TGA curves of BIBDTO and BBIBDTO at a heating rate of 10°C min−1 under nitrogen.

3.2 Energy level structure

To obtain the energy-level structures of BIBDTO and BBIBDTO, the two dopants were analyzed using UV-vis absorption spectroscopy and cyclic voltammetry (Table 1). As shown in Figure 4, the dopants exhibit an oxidation onset potential E ox onset of 0.14 and 0.09 V for BIBDTO and BBIBDTO, respectively, using the reference electrode Ag/AgNO3 (–4.7 eV for the electrode potential E Ag/AgNO3 relative to vacuum). For BIBDTO, the first oxidation is quasi-reversible, and a minor peak at 0.2 V provides a negative reduction current. Compared with BIBDTO, there is no reduction peak in the voltammogram of BBIBDTO, showing irreversible oxidation characteristics. The HOMO energy levels of BIBDTO and BBIBDTO were calculated following the equation.

(1) E HOMO = E Ag / AgNO3 E ox onset .

Table 1

The photophysical and electrochemical properties of BIBDTO and BBIBDTO along with their calculated energy levels from DFT

Dopant λ opt onset (nm) E opt g(eV) CV E (V) LUMO (eV) CVHOMO (eV) DFTLUMO (eV) DFTSOMO-1 (eV) DFTSOMO-2 (eV) DFTHOMO (eV)
BIBDTO 369 3.36 0.14 –1.48 –4.84 –1.16 –1.54 N/A –4.72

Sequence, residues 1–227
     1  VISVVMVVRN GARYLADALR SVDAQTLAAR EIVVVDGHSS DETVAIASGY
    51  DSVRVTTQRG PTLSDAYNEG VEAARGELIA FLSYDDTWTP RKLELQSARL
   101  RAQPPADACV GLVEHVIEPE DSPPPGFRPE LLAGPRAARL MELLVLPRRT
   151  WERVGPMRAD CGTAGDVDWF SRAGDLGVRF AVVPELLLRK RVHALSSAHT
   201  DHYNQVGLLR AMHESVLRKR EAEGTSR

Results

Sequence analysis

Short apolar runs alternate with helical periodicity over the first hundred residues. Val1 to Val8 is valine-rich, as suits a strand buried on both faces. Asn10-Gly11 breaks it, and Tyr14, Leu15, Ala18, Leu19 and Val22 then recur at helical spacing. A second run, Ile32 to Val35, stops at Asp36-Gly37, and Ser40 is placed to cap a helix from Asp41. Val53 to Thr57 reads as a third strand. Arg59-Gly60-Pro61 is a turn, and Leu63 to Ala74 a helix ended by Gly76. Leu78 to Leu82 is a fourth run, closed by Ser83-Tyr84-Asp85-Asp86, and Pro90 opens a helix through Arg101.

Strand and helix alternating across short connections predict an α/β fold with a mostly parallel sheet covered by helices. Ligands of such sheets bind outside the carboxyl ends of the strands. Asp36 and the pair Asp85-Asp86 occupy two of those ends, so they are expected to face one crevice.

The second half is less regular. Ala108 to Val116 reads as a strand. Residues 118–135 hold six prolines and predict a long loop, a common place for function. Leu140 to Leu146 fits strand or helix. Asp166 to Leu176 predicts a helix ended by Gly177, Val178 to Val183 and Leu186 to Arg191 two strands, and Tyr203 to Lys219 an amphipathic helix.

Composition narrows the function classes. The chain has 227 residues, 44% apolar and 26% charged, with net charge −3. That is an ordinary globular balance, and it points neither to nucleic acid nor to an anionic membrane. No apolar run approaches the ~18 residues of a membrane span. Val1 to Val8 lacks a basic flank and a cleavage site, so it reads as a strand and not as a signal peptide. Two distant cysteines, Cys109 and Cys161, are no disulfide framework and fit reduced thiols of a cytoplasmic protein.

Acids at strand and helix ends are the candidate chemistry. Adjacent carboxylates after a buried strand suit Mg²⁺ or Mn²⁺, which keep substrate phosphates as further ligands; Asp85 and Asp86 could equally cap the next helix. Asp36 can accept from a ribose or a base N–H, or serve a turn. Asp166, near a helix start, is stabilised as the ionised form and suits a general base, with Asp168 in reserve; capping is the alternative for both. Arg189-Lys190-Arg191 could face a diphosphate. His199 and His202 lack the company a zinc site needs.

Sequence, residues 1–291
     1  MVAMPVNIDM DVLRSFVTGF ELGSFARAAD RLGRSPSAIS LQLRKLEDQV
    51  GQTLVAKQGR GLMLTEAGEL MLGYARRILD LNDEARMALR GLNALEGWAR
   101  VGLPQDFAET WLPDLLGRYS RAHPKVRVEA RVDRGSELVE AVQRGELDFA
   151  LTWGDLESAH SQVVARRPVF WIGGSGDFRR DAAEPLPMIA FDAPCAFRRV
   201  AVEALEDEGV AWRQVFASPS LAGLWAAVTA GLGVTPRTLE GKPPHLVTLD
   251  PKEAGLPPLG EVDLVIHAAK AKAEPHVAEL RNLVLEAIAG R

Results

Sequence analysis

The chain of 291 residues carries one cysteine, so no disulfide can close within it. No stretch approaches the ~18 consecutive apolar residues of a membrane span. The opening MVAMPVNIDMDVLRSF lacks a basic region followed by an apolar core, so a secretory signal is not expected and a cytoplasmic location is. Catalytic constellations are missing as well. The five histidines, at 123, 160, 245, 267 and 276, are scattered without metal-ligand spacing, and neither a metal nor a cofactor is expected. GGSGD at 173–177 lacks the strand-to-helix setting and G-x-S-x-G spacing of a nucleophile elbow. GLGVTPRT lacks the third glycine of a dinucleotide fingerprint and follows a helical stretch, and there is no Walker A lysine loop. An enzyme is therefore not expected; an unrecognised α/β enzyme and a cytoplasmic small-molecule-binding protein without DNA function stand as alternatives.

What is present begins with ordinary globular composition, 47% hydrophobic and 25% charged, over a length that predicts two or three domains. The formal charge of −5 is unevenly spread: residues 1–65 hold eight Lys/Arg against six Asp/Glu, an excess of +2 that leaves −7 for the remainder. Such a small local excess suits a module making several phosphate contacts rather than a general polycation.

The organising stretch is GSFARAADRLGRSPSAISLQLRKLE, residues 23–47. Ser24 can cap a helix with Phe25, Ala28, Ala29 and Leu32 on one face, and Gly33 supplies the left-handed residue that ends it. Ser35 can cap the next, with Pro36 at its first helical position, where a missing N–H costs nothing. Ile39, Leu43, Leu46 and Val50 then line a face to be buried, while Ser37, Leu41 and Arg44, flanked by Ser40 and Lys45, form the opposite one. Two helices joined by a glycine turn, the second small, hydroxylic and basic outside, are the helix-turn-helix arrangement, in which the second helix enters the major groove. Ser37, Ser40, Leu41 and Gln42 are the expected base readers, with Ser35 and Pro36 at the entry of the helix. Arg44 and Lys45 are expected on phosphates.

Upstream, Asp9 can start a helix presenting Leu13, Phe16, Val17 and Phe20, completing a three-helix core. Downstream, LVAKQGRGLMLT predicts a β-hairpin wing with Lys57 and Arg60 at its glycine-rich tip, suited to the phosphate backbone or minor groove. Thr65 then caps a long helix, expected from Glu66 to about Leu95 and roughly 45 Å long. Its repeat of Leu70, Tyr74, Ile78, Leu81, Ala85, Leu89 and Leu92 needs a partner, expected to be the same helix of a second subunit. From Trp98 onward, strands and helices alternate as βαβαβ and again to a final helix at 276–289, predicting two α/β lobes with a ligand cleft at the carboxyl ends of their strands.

BBIBDTO 383 3.23 0.09 –1.56 –4.79 −1.35 –1.63 –1.07 –4.53
Figure 4 
                  Cyclic voltammetric curves of (a) BIBDTO and (b) BBIBDTO at a scan rate of 100 mV s−1 at r.t.
Figure 4

Cyclic voltammetric curves of (a) BIBDTO and (b) BBIBDTO at a scan rate of 100 mV s−1 at r.t.

The obtained HOMO energy levels of BIBDTO and BBIBDTO are –4.84 and –4.79 eV, respectively, suggesting easy oxidation characteristics with similar values. The UV-vis absorption spectra of the dopants in dichloromethane solution (concentration of 1 × 10–5 M) are shown in Figure 6. The absorption profile is concentrated in the UV region for the dopants with the starting absorption wavelength λ opt onset of 369 and 383 nm for BIBDTO and BBIBDTO, respectively. Additionally, the optical band gaps were 3.36 and 3.23 eV (E optg = 12.40/λ opt onset) for BIBDTO and BBIBDTO, respectively. The increase in the number of benzimidazole functional groups has resulted in narrowing the bandgap. The LUMO energy levels of BIBDTO and BBIBDTO were obtained as –1.48 and –1.56 eV for BIBDTO and BBIBDTO, respectively, from the following equation.